Monday, January 6, 2014


From the big scrapbook of time, here’s a look at Canada in 1957-

January 1: There are 4.49 million telephones across the country. Only 7.7 percent of users have rotary dials, the rest require operator assistance to complete a call. We will make nearly eight million phone calls this year, an average of 483 per person.

January 10: The Royal Commission on Economic Prospects predicts that by 1980 we will make more money, do less work and the work week will be less than the current 40 hours.

January 17: The HMCS Bonaventure, the third and final aircraft carrier of the Royal Canadian Navy, is commissioned. The 16,000-tonne Majestic class ship will be decommissioned in 1970.

January 22: Mike Bossy is born in Montreal. He will grow up to be a powerhouse on skates for the New York Islanders in the 1980s.

February 17: Loreena McKennitt is born in Morden, Manitoba. She will grow up to become a New Age/Celtic recording artist best known for her song, The Mummer’s Dance.

March 10: Shannon Tweed is born in St. John’s, Newfoundland. She will grow up to be Playmate of the year in 1982. She will star in more than 60 movies including Hot Dog…the Movie and Detroit Rock City.

March 15: A Royal Commission on broadcasting calls for the creation of private TV networks to compete with the CBC. It will be four more years before the Canadian Television Network takes to the airwaves. The new kid on the block will promptly change its name from CTN to CTV.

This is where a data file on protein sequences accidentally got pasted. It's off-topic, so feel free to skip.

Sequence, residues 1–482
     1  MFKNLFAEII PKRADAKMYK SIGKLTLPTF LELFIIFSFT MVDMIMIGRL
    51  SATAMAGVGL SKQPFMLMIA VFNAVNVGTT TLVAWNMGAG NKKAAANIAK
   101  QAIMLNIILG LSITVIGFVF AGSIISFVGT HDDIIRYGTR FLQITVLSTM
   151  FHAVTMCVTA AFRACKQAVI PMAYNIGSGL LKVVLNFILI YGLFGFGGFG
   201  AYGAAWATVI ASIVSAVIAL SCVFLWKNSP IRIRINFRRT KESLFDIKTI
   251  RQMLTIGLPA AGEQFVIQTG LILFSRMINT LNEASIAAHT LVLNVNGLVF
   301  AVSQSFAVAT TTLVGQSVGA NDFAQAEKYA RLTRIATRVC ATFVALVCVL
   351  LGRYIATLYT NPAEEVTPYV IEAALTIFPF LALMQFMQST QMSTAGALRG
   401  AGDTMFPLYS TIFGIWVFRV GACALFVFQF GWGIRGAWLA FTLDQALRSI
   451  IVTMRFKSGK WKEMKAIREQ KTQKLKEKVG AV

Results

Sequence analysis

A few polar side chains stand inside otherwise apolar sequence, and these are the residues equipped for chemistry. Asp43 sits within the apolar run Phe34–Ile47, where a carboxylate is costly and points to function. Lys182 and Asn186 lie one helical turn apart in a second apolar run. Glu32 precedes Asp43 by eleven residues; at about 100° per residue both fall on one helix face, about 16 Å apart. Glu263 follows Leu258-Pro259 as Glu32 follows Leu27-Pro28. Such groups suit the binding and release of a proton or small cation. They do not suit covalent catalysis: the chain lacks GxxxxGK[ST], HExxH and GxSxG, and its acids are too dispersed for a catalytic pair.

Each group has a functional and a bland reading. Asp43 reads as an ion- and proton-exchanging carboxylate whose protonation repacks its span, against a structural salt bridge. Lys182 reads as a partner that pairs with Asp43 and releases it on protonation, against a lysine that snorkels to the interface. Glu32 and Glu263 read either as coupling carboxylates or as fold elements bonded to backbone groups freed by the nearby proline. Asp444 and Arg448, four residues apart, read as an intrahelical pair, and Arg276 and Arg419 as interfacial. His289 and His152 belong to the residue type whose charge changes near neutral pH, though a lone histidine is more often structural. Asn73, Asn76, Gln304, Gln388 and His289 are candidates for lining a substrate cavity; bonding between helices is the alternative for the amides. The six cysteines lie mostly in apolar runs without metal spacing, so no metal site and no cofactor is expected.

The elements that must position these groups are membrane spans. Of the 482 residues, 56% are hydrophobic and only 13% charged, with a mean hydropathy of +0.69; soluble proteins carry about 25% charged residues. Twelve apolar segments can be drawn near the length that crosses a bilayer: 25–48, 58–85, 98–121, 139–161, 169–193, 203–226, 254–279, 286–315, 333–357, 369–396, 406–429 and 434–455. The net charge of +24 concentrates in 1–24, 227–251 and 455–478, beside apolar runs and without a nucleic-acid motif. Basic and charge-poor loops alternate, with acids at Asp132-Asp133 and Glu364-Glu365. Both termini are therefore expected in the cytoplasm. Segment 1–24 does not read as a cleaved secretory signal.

March 20: Miners walk off the job in Murdochville, Quebec. It will take them seven months but they will win important concessions and laws for unionized workers.

March 23: It’s a girl for Sir Christopher Plummer and wife Tammy Grimes. Amanda will grow up to be an actress, winning a Tony in 1982 for her stage role in Agnes of God.

March 28: Members of Parliament pass the Canada Council Act. The new Crown corporation will support the arts and artists. It starts with $100 million in the kitty.
Gabrielle Roy of St. Boniface, Manitoba is this year's winner of the GGs Literature Award.

March 28: Prime Minister St. Laurent is on hand for the first ever Governor General’s Awards for literature.

March 31:  Radio-Canada and the CBC have 34 television stations across the country. A full 60 percent of programs aired are homegrown. In the five years since the two networks went on the air, Canadians have purchased 2.5 million television sets and 86 percent of all residents receive the  public broadcaster's signals.

March 31: Hollywood legend Gene Lockhart is dead of coronary thrombosis at the age of 65 in Santa Monica, California. The London, Ontario native appeared in more than 100 movies. He starred on Broadway and in television as well.
Elvis wore a gold suit for his two performances in Toronto.

April 2: Some 23,000 fans converge on Toronto to see heartthrob Elvis Presley in concert. The rock ‘n’ roll star is condemned by clergy as being untalented, vulgar and overtly sexual.

April 4: E. Herbert Norman, our ambassador to Egypt commits suicide by throwing himself off the top of the Swedish Embassy in Cairo. Although his name has since been cleared of any wrong doing by the RCMP, the 48-year old historian and diplomat stood accused by the United States Senate of being a Communist and possibly even a Soviet spy. The accusation will damage Canada-US relations.